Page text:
Is it worth it to attend an expensive college or university? Even professors are coming to the conclusion that higher education sometimes isn’t worth its costs. Claudia Dreifus, a professor at Columbia University, and Andrew Hacker, a professor at Queens College in New York, recently published Higher Education? How Colleges Are Wasting Our Money and Failing Our Kids — And What We Can Do About It (book website). The number one reason to avoid an expensive education? Graduating debt-free is more important that graduating with an expensive diploma. Dreifus and Hacker elaborate in an article published in Readers Digest Magazine:
Don’t let your child go into debt for college. In 2010, almost two thirds of undergraduates borrowed money, and student-loan debt outpaced credit card debt for the first time. The College Board likes to say that a typical senior graduates with “only” $24,000 in debt, but with interest, collection charges, and penalties for postponed payments, the amounts owed can exceed $100,000. If you ever default on a federal student loan (and the rate of defaults is rising), you’ll be hounded for life. Lenders can garnish your wages, intercept your tax refunds, and have your professional license revoked. You can’t work for the government or collect your social security. “People have been sold this propaganda: ‘The rates are so low; just get a loan,’ ” Dreifus says. “The long-term effect is to cripple your children.”
Funny how that parade of horrors–creditors hounding graduates forever, having your professional license revoked, and being barred from working for the government–is never part of any college’s brochure.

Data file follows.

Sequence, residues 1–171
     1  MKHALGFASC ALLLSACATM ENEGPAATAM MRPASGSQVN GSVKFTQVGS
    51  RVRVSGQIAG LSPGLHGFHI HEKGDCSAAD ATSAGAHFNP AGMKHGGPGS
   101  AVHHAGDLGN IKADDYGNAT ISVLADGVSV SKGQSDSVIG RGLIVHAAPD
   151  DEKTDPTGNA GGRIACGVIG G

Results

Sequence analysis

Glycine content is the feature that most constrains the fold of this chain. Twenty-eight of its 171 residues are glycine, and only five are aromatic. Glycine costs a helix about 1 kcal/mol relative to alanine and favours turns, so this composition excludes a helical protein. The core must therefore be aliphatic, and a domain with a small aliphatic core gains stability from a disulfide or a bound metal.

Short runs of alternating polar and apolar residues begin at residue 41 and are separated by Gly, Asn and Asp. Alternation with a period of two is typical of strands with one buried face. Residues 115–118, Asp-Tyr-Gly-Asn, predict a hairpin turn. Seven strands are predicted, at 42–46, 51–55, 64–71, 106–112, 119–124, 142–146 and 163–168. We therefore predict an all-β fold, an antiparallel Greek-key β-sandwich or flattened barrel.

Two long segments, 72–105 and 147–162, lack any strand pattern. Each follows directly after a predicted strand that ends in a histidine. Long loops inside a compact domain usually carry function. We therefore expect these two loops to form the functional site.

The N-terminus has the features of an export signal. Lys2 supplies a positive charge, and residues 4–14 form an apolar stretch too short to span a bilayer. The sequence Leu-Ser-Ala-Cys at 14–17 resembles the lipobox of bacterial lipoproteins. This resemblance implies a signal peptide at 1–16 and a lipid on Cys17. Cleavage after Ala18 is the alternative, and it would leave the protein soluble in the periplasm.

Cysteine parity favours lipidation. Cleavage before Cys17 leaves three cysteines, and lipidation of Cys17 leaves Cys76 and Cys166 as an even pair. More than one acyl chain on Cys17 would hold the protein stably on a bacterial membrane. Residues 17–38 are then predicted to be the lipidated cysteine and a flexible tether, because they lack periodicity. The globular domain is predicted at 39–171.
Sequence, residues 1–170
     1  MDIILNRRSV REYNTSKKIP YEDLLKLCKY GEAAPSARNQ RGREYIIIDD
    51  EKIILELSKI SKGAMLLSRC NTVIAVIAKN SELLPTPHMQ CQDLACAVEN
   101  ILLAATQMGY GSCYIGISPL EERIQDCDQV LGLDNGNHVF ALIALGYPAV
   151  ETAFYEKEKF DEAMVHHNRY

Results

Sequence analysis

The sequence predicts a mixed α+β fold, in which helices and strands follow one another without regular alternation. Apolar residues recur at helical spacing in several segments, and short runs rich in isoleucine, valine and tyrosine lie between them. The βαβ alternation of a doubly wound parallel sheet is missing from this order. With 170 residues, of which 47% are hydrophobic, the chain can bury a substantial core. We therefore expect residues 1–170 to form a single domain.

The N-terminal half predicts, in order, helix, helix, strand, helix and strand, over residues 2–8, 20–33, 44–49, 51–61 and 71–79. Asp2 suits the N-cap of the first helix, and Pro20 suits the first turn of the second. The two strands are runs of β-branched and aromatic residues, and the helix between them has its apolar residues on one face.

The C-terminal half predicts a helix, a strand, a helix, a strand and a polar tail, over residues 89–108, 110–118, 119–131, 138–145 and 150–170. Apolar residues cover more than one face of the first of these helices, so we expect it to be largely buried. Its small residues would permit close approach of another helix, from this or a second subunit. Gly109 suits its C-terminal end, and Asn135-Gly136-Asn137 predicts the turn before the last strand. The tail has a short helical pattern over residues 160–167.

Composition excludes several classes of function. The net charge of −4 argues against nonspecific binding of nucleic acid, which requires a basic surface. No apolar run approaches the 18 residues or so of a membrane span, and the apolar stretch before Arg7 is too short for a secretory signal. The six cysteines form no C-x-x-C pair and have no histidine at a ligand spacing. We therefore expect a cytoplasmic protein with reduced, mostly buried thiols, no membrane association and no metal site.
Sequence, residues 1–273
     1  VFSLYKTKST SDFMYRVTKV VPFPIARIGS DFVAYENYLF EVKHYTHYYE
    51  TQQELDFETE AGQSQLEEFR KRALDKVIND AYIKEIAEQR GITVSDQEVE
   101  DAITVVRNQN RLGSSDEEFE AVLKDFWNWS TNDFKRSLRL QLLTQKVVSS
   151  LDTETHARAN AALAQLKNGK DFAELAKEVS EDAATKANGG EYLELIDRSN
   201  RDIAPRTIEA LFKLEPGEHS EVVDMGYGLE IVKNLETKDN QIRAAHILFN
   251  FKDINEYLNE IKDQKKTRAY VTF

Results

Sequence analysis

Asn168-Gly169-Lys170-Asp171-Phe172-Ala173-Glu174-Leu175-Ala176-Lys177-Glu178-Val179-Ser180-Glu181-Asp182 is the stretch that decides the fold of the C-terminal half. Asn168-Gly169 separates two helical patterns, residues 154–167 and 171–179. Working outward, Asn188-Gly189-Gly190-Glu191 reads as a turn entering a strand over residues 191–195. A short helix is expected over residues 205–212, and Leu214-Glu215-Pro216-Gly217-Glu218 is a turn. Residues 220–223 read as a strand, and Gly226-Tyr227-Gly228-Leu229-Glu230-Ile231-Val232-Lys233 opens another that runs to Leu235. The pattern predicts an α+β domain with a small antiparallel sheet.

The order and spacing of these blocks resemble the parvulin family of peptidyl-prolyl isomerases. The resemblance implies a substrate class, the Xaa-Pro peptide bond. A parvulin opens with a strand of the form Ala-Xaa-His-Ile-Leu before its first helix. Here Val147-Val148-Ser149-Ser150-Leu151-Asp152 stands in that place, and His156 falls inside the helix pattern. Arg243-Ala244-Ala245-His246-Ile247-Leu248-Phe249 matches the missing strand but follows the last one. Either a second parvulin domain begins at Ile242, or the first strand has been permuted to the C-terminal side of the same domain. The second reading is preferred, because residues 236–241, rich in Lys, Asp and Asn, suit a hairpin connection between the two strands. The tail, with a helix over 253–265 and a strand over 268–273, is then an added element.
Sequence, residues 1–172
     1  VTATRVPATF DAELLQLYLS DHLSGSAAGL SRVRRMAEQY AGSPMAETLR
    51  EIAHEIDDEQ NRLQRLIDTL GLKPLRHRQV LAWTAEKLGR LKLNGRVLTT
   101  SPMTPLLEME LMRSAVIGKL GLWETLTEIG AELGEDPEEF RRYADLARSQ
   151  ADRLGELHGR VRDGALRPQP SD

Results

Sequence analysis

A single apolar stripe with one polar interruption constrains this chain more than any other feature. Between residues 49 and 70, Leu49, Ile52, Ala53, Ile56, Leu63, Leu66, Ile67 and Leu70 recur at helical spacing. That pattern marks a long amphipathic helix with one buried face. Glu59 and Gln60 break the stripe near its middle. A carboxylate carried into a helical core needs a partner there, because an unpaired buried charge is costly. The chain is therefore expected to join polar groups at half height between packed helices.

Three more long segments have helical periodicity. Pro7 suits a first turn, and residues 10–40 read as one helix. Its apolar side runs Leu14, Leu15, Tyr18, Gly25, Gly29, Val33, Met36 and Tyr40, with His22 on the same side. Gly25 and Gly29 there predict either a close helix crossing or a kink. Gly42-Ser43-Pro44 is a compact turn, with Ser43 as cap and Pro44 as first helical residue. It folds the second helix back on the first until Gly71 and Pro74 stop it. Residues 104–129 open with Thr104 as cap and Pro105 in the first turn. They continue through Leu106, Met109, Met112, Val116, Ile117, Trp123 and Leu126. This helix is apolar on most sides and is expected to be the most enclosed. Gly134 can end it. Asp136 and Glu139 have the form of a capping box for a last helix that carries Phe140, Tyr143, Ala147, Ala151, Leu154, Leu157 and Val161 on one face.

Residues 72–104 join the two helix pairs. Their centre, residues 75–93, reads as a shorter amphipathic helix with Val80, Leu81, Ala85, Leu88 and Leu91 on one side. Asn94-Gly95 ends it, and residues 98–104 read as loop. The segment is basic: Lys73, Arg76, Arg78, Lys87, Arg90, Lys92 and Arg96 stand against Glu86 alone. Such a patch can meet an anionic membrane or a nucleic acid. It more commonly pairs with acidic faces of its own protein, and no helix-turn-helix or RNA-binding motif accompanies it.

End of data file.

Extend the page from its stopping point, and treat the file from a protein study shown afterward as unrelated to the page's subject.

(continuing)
Dreifus and Hacker offer other reasons not to attend, and many of them boil down to one fact: your tuition dollars fund everything but education. Highly paid professors and administrators. Money-sucking sports teams. Luxury living amenities. (The article already has more than 400 comments–clearly, this is a controversial issue.)
My alma mater was no different. The university touted its connections to a former president, a world-renowned religious leader, and a famous author in order to lure students to attend. The vast majority of students would never even have the opportunity take a class taught by one of these “professors.”
And the luxury amenities were over the top. Multiple swimming pools (indoor and outdoor), an enormous gym with a rock-climbing wall, dozens of tennis courts–in effect, a country club on a college campus. I lived better then than I have since. While colleges and universities need to compete for students, does it really make sense for them to compete on these grounds for money subsidized by the federal government?
Things need to change.
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